Polarized lenses with UV400 protective coating eliminate reflected light off the water making them perfect for fishing.
13. Water & Snacks
A full water bottle is easily tucked into an outer pocket of your gear bag for easy access.
Nuts, granola bars, or some other snacks that won’t melt are also easy to carry, lightweight and an absolute lifesaver when the fish are biting and you just don’t want to leave.
Nalgene’s Tritan 32oz water bottle is easy to drink from, fill and wash. The screw top lid ensures no leakage while you are carrying it or during transport and the loop top is easily attached to your vest, belt or bag making this an excellent water bottle for your fishing adventures.
More reading: How much water should I drink?
14. Rain Jacket/ Poncho (for emergencies)
Being prepared with a lightweight rain jacket or poncho is just good sense and helps when the weather turns unexpectedly.
Even if you have a rain jacket, many a fisherman have a lightweight poncho tucked away for a rainy day as it makes access to their fly vests easier than wearing a jacket.
Columbia Men’s Watertight II Jacket excels all expectations and is perfect to take on fishing trips. Lightweight, windproof and truly waterproof you can rest assured your cell phone will be safe if the weather turns.
The generous hood reaches far enough forward to shield your face making it easy to cut down on wind penetration by tightening both the hood and hem drawstrings to lock in warmth if the weather gets really bad.
15. GoPro Camera (Waterproof)
Nearly every fisherman has a “one that got away” story and it usually gets bigger with each retelling providing a great laugh for his fishing buddies.
So, when you truly hook a big one, and want the bragging rights, a compact preferably waterproof camera is an essential item in your gear bag.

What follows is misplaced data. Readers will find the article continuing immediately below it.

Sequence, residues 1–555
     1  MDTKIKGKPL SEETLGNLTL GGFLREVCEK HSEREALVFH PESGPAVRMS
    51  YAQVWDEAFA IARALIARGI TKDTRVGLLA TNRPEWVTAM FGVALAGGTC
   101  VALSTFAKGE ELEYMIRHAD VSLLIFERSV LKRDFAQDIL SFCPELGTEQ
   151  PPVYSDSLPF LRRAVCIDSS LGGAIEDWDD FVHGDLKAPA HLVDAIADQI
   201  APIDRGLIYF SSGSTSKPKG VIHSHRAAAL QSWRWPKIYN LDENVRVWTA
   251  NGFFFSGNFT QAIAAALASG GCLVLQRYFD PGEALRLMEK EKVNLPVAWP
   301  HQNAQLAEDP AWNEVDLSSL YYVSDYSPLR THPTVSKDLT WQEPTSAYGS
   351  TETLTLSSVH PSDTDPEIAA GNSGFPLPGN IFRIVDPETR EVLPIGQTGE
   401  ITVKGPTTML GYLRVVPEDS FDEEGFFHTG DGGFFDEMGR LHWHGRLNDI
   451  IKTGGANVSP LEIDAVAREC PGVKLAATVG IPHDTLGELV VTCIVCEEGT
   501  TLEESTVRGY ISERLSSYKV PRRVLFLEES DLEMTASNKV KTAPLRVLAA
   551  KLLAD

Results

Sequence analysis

A camera and video recorder in one, there is no excuse not to capture the moment with a great quality photo or video with the GoPro Hero10 Black action camera.
Waterproof, super wide-angle (just in case it’s a real whopper), touchscreen for easy use, and Wi-Fi with remote control! If you are thinking about a GoPro, Click Like This (our sister site) can help. I even wrote a post there about using a GoPro for fishing adventures.
Looking for that perfect gift for that camper in your life? Check out my guide to 71 Perfect Camping Gifts
Equipped with all of this you could go fishing just about anywhere and still be fully prepared for any situation to ensure your day or week-long fishing trip is a success.
What is your favorite piece of gear? And what’s on your wish list? Join me in the comments!
- About the Author
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Bryan Haines is a co-founder and blogger on GudGear – and is working to make it the best resource for outside gear.
He is a travel blogger at Storyteller Travel and blogs about photography at Click Like This. He is also co-founder of Storyteller Media, a company he started with his wife, Dena.